By Billy Stitz
After being shut down for 10 years, the Flandreau City Council has decided to re-open the Crescent Street Bridge to double lane traffic starting as soon as repairs are finished.
The Council met last Monday and had their third discussion on the bridge’s status. In January, they had decided to spend $300 to get the bridge inspected because members of the Indian School had recently had increased interest in opening the roadway.
After the city had it inspected, Nathan Lund of CDI came to a council meeting in late February to discuss their findings.
They had found and offered three options to the city council. The first of which, is open the bridge to one lane traffic at a higher ton rate. The second option was open the bridge to two-lane traffic at six ton. The final option, keep the bridge closed.
Lund informed the council that there would need to be some minor repairs done to the bridge before it should be opened. Those repairs included adding rip-rap to the banking, removing a few stumps and trees, place proper signage around the bridge and fill in a void in the north abutment.
The engineering company is the same company that inspected the bridge back in 2003 and 2007, stating that there hasn’t been any substantial advancement in the issues with the bridge and it is safe to be opened with those few minor repairs.
So why was the bridge closed in the first place. No one on the board is 100% certain as to why, other than they got an opinion from a local engineer, who isn’t a licensed bridge inspector, and they decided at that time to close it.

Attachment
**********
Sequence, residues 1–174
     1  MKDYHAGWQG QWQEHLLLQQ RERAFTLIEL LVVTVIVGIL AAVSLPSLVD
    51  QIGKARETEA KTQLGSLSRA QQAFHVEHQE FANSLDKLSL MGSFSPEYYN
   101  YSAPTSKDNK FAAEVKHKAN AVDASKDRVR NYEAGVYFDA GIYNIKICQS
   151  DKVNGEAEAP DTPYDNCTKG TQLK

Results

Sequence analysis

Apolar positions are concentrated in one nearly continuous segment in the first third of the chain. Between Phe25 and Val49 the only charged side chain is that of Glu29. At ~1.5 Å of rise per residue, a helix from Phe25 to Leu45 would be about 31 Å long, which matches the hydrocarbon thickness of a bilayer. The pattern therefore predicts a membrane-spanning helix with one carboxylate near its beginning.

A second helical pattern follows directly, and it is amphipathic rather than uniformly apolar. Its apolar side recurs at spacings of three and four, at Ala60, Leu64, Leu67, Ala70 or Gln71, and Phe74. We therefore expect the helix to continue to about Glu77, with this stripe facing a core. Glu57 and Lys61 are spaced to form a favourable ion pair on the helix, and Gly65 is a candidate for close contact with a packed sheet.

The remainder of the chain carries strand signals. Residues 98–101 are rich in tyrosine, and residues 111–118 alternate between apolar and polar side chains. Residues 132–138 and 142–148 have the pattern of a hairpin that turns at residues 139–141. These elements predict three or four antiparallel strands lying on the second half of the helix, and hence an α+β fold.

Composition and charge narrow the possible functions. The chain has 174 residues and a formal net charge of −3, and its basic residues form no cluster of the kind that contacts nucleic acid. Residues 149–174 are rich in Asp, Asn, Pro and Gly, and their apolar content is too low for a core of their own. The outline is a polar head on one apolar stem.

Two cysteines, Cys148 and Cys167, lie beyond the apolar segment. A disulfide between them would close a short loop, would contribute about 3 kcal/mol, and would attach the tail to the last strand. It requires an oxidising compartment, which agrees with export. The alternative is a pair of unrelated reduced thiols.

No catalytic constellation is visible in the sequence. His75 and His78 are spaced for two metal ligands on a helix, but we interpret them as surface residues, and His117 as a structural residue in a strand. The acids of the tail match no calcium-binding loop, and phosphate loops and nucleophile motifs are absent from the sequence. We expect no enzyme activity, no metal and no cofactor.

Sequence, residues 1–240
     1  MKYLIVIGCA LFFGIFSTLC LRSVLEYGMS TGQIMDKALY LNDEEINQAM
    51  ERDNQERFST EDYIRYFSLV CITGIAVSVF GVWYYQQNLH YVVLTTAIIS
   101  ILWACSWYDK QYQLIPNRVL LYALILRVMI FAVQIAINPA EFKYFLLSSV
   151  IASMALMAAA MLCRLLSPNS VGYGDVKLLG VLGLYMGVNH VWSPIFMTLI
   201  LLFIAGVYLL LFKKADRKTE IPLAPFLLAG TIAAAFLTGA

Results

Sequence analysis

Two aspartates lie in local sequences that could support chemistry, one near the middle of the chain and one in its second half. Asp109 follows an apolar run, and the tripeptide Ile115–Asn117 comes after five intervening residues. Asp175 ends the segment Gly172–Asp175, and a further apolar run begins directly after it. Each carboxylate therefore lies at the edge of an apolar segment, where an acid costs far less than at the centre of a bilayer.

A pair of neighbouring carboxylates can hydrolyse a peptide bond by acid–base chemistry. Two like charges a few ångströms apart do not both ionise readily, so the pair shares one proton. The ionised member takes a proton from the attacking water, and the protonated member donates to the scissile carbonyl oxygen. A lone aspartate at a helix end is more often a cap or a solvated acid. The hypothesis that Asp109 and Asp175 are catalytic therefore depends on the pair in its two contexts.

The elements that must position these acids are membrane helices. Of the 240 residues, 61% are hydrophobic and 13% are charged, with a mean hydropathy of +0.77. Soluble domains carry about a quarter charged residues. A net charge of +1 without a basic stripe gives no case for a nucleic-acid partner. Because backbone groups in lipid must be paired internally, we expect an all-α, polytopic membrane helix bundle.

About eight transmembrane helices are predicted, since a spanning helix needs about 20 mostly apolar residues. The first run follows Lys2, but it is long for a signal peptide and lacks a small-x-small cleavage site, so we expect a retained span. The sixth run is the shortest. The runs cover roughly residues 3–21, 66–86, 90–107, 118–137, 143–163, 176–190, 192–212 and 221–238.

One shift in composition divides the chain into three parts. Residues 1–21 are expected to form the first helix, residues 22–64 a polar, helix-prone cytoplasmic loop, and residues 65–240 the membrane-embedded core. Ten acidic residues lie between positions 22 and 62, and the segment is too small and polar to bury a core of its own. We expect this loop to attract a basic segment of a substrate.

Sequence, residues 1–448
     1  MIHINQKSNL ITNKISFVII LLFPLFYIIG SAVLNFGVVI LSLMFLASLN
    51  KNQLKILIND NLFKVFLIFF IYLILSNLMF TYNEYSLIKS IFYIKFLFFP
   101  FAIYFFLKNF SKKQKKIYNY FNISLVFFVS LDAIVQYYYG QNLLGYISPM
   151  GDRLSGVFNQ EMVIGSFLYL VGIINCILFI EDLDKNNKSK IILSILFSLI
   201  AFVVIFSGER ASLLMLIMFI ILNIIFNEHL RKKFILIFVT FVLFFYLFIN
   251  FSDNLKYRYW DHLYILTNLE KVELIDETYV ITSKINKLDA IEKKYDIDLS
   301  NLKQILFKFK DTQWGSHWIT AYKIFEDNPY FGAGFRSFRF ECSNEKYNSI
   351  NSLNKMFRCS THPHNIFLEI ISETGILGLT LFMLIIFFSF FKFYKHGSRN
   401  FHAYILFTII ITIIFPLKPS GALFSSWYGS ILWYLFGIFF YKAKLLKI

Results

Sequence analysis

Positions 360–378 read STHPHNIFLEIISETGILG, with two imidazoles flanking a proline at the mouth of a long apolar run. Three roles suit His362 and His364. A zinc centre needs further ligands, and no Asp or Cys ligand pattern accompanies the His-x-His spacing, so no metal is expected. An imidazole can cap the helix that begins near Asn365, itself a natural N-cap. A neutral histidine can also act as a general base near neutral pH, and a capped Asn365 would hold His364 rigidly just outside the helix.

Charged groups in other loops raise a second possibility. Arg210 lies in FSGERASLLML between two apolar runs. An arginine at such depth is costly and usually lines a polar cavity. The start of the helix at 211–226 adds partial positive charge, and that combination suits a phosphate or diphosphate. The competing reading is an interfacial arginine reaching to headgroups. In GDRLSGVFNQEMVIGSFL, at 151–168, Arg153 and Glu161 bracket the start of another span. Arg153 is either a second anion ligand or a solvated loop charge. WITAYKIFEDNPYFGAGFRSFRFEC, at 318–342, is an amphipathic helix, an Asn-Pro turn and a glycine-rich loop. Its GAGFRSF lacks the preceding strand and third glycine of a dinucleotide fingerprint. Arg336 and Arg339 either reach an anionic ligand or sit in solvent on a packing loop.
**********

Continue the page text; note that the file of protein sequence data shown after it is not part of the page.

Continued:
Why don’t they just rebuild the bridge? Well according to Lund, the bridge would cost about 1.4 million dollars to replace now, or 1.7 million dollars to replace it in five years.
After Alderman Brad Bjerke did some research, they discovered that those minor repairs would cost an estimated $2,300.
“What we are doing with that $2,300 is fixing 10 years of non-maintenance,” Bjerke said. “I feel for what it would cost us to re-open that, I think we should try. As opposed to letting it sit as is,” he added.
But before the council voted on the idea, they had some opinions. “If there is another dime spent down there I say close it. I want that understood,” Alderman Ron Smith said.
Most of their opinions come simply because they don’t see a great need to open the 78-year-old bridge since there is a much newer bridge just four blocks away.
“My phone isn’t ringing off the wall. I haven’t received one phone call about it since we closed it,” Alderman Dan Sutton said. “I think the city has adapted to going the other way,” he added.
There was also a lot of concern with vehicles over the posted tonnage traveling across the bridge. The consensus was that as long as they have proper signage, they are not liable for any damage done to the bridge or vehicle. Their hope is that larger vehicles understand that the limit is set for a reason and anyone traveling over that limit risks receiving a ticket or worst-case scenario, the bridge falls in as they drive over it.
But on the recommendation, which he was asked to give, from City Administrator Don Witman, the council passed the opening of the bridge to two-lane traffic at a six ton limit, with a condition that the bridge be inspected every February to ensure its safety. The bridge will open as soon as the repairs are finished, the council believes that will be in the next 30 days or so.